Blasdel Enterprises was contracted by a company in the brake pad/brake shoe remanufacturing industry for the design, fabrication, and installation of a custom infrared oven system. Their current powder coating oven operation was outdated and required constant maintenance, at great cost and inconvenience to their business. After deciding to invest in a new system, the client underwent a 2 year research and testing period, and finally determined that the infrared ovens produced by Blasdel were the best option for their operations. To reach their goal of increased production output and cost efficiency, our medium-wave infrared oven technology was implemented. This curing oven was ideal for their epoxy powder coating method, and boasted a list of benefits including higher production capacity, a small footprint, low energy consumption, reasonable cost, and reduced maintenance.
The infrared ovens were 6′ and 10′ in length, with a width of 3′. Features include individually adjustable heating zones for effective curing of various part sizes, dual chain conveyor system, and Ceramic medium wave panel heaters. Curing time is 3.6 minutes, and the ovens can handle part sizes 7″ to 12″ in diameter and 1.5 to 15 lbs. in weight. With a life expectancy of 25,000 hours, maintenance is virtually nonexistent; and each part costs 2/10 of 1 penny to gel and cure. This oven replacement project was so successful that as the customer has expanded their business they continue to choose Blasdel’s infrared oven line. For complete details about this infrared oven installation project or the other capabilities available please see the table below or contact us directly.
Highlights of Infrared Oven Project
Blasdel Enterprises Infrared Ovens reduces high oven maintenance costs for brake shoe and brake pad manufacturing company
Blasdel Enterprises was contacted by a re-manufacturer of brake shoes to help the facility reduce the cost of their oven maintenance and increase production. The customer was using an epoxy powder coating as a rust inhibitor.
The operation was initially designed with seven separate remanufacturing cells. Each line contained one four-foot long shortwave oven utilizing T3 lamps with a reflective housing. Gas convection ovens were initially considered for the application, but required a large amount of floor space. The shortwave ovens have the advantage of a small footprint and reasonable energy consumption. The disadvantage is their maintenance requirements. Several months after the facility opened, the heaters began to fail. Two of the shortwave ovens had to be repaired every week which required an average of seven hours per week of labor plus the cost for parts. The cost of parts and labor combined were $26,000 per year. Downtime and its associated overtime costs contributed to the maintenance costs, as well.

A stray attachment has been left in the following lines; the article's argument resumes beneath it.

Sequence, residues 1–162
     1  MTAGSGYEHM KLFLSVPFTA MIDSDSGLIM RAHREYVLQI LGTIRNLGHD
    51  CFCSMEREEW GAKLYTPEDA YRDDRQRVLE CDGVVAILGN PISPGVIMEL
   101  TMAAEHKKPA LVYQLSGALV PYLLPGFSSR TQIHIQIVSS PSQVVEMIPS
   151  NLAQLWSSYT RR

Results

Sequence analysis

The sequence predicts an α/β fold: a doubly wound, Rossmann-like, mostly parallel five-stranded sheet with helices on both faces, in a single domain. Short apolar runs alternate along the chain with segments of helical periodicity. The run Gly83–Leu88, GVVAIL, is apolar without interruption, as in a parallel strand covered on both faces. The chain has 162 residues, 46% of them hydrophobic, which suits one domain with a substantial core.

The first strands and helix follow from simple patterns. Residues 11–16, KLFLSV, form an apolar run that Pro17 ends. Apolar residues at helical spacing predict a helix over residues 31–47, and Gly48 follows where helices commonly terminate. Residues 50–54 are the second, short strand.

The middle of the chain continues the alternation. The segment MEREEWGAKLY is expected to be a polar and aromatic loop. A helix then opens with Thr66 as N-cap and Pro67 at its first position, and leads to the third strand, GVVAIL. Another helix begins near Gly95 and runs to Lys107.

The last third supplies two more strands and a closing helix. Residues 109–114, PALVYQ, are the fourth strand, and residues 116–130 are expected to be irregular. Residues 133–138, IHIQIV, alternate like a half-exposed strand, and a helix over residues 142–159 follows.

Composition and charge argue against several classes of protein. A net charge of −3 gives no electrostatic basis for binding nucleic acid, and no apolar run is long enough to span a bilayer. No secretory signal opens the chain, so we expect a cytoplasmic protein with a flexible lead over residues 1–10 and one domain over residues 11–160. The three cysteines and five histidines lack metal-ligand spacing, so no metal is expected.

The engineering team decided it was time for a new approach. Because of the past problems, the team decided that long term testing was required before implementing new heating technology. After two years of testing, that new approach was approved. The decision was made to install seven replacement medium-wave electric infrared ovens from Blasdel Enterprises.
Blasdel Enterprises’ medium-wave infrared oven achieved all of the goals for a new curing oven including:
- Faster production capability
- Minimal floor space
- Reduced maintenance requirements
- Low energy consumption
- Reasonable capital expenditure
Advantages of using infrared for this application
The new medium-wave infrared ovens are either 6′ or 10′ long depending on part size and weight. The shortwave infrared ovens were 4′ long. All the new ovens are 3′ wide. The shortwave ovens were operating at full power to cure the powder, whereas the new medium-wave Blasdel ovens were designed to operate at less than 50% power. The new ovens provide for future increases in line speed without adversely affecting floor space despite their length increase over the old ovens. A convection oven would have required a minimum of 50′ for the same project.
The shortwave infrared ovens require an average of seven hours per week of preventive maintenance. After two years of operation, no heaters have prematurely failed in the Blasdel medium-wave oven as a result of any heater problems. Several heaters were damaged by conveyor problems, but this is not related to heater design. With a typical life expectancy of 25,000 hours for Ceramic Panel Heaters, the customer will continue to operate for a long time without experiencing very many maintenance problems.
Input power rating is often viewed as the actual power usage for an electric infrared oven. In this case, the 10′ oven for producing 9″ brake shoes requires 108 kW of electric infrared energy. But, in actual operation, its energy usage is 41 kW. The energy calculation is 41 kW/hr x 6 cents per kW/hr= $2.46 per hour of operation. Based on the current production rate, it costs $.011 cent to cure five brake shoes. The energy consumption for paint and powder applications typically accounts for less that 1% of the product selling price. Our guess is that this amount is well below that 1% margin. The best part is that Ceramic Panel Heaters maintain a consistently high radiant efficiency (80%) over time.
Note: Each 18″ oven half can operate independently. This allows the heater output power to be adjusted to part weight. Because the brake shoes range in weight from 1.5 – 15 pounds, they each require different temperatures to match their curing times. The 10′ oven is used for heavier parts. The brake shoes range in size from 7″ – 12″ in radius, and there is a heavy brake shoe for trucks (15 lbs). The information relates to a 9″ brake shoe in a 10′ long oven.